Primary will be held for City Commission race in Great Falls
At 5 p.m. Monday there were eight candidates for two Great Falls City Commission seats and two candidates for mayor.
That means there will be a primary election on Sept. 12 for the commission.
Candidates for mayor are the incumbent Bob Kelly and Spencer Galloway. The mayor is a two-year term on the commission.
Candidates for two commission seats are incumbent Fred Burow, Tyson Habein, Mary Sheehy Moe, Kate Hughes, Josh DeNully, Rick Tryon, Owen Robinson and Scott Miller.
Burow is seeking a third term. Commissioner Bob Jones’ term is ending this year and he has decided not to seek a third term.
The filing period for candidates ended Monday but city residents can still file as write-in candidates until Aug. 8. Only those who file as write-in candidates will be considered in write-in space on the ballots.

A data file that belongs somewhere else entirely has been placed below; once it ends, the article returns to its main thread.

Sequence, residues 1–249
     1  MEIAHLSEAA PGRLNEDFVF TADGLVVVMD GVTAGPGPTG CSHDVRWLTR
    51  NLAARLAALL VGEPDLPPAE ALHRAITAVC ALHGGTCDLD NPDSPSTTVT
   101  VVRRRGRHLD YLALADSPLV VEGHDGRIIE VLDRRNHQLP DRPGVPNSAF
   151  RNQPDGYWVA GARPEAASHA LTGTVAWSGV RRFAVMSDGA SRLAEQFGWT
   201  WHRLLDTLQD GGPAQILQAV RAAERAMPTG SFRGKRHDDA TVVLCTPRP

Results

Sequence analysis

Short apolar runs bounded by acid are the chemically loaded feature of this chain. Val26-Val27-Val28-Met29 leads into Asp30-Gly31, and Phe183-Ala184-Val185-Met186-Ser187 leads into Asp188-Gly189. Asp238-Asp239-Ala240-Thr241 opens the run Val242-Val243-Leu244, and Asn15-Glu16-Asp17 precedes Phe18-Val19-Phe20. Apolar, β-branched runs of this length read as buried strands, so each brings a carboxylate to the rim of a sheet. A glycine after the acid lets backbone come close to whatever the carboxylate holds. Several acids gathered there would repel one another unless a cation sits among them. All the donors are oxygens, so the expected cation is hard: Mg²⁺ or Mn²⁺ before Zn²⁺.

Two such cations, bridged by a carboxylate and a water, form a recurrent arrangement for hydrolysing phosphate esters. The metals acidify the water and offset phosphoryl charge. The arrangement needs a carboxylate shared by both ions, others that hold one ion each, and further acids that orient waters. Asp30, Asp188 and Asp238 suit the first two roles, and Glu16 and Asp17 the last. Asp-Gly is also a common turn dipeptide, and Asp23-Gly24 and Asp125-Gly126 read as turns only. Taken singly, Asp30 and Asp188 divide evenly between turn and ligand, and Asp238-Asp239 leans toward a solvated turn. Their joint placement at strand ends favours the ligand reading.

Ballots will be mailed Aug. 23-28 and the primary election will cost the city $30,000 to $50,000, according to the Cascade County elections office.
If the county proceeds with including the economic development levy on the general ballot in November, the city will share the election costs with the county. The city still has time to pass resolutions to put issues on the ballot. Commissioners will consider a resolution for amendments to the city charter Tuesday night that if approved, will be placed on the November ballot for a public vote.
Updated 10:25 a.m. June 20: Five or less candidates filed for each of the city’s nine Neighborhood Council, but they will be on the general ballot.
That means the candidates who filed will be on the council. To fill those vacancies the city first goes through declared write-ins on the ballot and those with the most votes are elected to the council. If there are still vavancies, the city goes through non-declared write-ins and calls them starting with those who got the most votes to see if they’re wiling to serve. If more people say yes than available seats, the names go into a hat and the City Commission pulls a name out of a hat. For midterm vacancies the councils themselves appoint new members.
Neighborhood council members serve two year terms and all seats are up for re-election at the same time, which coincides with commission elections.